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From: John De Armond
Newsgroups: rec.outdoors.rv-travel
Subject: Re: Gasket Replacement for Camper Furnace?
Date: Wed, 10 Nov 2004 13:39:36 -0500
Message-ID: <>

On Tue, 9 Nov 2004 21:11:20 -0800, "Ulysses" <>

>I have an old Dolphin camper (1976).  The furnace has an access plate in the
>front, very close to the burner.  My problem is that it leaks because the
>old gasket fell apart when I cleaned the burner and pilot.  The first place
>I looked for a new one was an RV store and they basically told me nothing
>was available.  The old one was asbestos so finding that is pretty much out
>of the question.  I tried high temperature silicone but it only lasted a few
>days.  Anyone know of any material (Mylar perhaps) that can be used to make
>a new gasket?  I would guess that it gets up to 400 or maybe 500 degrees in

Fiberfrax (felt made from spun alumina fiber) is the usual asbestos
substitute.  Available in small quantity from crafts supply outfits that
cater to ceramics and bead makers.  Until it is heated the first time it
behaves like ordinary felt and can be cut with ordinary tools.


From: John De Armond
Newsgroups: rec.outdoors.rv-travel
Subject: Re: Gasket Replacement for Camper Furnace?
Date: Thu, 11 Nov 2004 01:46:23 -0500
Message-ID: <>

On Wed, 10 Nov 2004 18:59:43 -0800, "Ulysses" <>

>Thanks, I'll try to find some.

Should be easy.  I think I saw some at Hobby Lobby even.

If you find you're having a lot of trouble finding the stuff and don't
want to order online, I offer another technique that I've used on occasion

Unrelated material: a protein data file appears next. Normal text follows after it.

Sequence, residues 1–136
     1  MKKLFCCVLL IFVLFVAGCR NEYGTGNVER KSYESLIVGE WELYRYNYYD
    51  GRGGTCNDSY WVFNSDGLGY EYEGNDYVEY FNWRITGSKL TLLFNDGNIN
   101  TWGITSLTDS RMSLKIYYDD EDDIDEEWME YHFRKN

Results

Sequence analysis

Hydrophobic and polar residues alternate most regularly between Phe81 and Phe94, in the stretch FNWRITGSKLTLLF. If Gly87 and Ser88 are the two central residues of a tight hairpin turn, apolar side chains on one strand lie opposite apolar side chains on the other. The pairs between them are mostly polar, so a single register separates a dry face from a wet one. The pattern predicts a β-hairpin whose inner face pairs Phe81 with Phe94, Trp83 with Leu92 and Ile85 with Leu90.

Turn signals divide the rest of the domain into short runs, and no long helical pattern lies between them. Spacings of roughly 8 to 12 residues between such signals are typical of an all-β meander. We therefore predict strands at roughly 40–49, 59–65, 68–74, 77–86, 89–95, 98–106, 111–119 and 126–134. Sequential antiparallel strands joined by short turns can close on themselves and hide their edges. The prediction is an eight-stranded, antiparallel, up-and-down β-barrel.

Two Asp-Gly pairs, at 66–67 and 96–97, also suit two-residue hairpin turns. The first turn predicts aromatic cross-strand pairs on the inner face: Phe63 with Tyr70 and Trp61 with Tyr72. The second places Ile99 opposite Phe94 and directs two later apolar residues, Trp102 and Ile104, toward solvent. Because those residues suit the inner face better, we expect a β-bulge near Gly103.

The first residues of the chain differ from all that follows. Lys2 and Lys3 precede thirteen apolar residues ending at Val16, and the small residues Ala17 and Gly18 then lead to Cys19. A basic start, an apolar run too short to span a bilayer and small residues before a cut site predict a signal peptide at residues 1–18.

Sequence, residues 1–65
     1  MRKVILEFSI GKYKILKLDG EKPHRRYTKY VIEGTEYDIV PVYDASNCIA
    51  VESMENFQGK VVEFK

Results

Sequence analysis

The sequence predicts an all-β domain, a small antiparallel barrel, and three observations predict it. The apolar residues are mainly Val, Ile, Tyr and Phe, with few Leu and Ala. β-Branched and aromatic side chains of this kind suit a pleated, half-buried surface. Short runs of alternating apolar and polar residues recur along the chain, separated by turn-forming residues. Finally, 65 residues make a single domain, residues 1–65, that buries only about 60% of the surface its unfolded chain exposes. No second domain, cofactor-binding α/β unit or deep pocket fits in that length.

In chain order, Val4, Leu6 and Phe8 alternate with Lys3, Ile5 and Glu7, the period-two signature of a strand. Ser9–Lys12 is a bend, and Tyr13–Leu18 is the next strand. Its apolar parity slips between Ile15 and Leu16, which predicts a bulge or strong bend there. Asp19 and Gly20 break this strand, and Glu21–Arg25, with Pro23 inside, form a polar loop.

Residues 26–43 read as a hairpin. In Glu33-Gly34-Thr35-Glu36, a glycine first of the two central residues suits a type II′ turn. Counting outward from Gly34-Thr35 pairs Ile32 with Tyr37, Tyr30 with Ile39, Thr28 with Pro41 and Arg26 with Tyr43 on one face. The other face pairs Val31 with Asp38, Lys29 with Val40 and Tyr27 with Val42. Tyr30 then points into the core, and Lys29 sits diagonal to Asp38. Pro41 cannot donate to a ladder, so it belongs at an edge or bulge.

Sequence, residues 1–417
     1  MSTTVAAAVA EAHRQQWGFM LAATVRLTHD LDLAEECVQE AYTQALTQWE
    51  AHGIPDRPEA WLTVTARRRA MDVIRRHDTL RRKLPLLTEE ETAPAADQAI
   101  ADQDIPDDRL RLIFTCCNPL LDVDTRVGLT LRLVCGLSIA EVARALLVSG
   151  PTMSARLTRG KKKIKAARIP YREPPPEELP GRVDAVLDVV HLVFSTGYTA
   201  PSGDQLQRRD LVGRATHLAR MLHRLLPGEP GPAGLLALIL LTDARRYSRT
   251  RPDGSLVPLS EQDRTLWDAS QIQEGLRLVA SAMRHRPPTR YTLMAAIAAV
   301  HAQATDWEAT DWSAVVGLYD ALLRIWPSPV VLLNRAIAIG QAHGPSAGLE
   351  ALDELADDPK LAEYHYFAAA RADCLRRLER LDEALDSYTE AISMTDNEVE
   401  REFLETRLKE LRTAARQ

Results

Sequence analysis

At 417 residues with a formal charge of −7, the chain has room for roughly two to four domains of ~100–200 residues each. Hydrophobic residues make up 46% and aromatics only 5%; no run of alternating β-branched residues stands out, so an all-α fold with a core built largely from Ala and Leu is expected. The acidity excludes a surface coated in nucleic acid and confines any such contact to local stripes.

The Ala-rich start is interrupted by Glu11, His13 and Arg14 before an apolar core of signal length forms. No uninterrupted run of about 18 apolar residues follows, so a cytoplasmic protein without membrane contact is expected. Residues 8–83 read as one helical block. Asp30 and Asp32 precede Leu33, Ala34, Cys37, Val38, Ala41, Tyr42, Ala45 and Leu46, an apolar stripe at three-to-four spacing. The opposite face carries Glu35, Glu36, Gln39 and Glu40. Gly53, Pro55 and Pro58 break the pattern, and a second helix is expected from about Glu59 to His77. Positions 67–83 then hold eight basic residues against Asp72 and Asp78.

for things like EGR valves that don't reach full exhaust temperature.

Take a large piece of aluminum foil and fold it a number of times until
you get somewhere around 25-50 layers, depending on the gap to be filled.
lay a block of wood on the stack and smack it a few times with a hammer to
smooth and compress it.  Then cut out your gasket with tin snips or
whatever.  The pure aluminum they make foil out of is quite soft and will
distort to fill irregularities in the mating surfaces.  You can cut some
strips of foil and wrap around the stack in a couple of places to hold it
together until you can get it mounted on the appliance.

Optionally, you can put a little glue (most any kind will do) between each
fold to hold the stack together.  It'll stink as it burns off but no harm

Yet another option is a high temperature sealant from these guys:

I use their high temperature epoxy for rebuilding high performance
electric vehicle motors and am very satisfied with it.  They sell direct
and in small quantities.


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